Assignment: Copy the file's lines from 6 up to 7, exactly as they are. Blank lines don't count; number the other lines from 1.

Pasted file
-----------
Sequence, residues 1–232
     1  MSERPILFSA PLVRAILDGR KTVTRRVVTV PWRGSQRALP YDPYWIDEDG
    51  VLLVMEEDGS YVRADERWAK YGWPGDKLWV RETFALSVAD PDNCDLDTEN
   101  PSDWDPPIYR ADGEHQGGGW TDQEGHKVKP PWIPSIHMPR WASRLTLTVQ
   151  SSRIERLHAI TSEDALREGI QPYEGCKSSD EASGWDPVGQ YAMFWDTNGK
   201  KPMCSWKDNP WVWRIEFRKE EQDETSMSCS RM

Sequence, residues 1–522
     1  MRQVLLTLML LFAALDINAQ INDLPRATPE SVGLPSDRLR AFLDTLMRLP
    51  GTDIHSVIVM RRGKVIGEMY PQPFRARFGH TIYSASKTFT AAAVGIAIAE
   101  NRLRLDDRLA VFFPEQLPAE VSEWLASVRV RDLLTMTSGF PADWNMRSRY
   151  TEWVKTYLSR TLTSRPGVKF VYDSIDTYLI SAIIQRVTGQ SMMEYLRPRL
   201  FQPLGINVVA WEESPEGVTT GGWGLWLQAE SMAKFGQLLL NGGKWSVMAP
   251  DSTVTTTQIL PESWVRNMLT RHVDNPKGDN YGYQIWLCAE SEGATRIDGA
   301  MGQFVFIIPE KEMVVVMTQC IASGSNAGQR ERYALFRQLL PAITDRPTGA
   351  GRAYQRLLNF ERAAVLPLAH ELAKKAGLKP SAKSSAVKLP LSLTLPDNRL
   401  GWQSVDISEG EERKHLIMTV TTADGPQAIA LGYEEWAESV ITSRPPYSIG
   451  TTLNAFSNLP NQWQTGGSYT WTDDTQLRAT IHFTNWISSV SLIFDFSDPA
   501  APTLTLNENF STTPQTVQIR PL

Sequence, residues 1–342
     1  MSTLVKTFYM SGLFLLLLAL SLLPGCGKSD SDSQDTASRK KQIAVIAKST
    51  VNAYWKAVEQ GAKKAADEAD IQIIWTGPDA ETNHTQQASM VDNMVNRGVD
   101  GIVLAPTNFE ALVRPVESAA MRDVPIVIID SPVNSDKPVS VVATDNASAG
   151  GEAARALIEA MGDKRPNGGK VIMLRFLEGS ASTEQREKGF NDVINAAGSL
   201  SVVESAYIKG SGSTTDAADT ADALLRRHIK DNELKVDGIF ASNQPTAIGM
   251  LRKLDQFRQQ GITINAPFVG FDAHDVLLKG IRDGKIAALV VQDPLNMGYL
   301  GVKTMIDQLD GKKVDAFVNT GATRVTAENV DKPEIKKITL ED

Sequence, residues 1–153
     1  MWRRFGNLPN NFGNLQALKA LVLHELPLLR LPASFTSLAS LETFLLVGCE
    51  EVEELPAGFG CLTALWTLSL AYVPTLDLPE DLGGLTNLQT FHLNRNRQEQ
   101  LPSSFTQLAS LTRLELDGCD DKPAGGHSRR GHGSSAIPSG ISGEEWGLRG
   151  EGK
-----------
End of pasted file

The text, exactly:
   201  KPMCSWKDNP WVWRIEFRKE EQDETSMSCS RM

Sequence, residues 1–522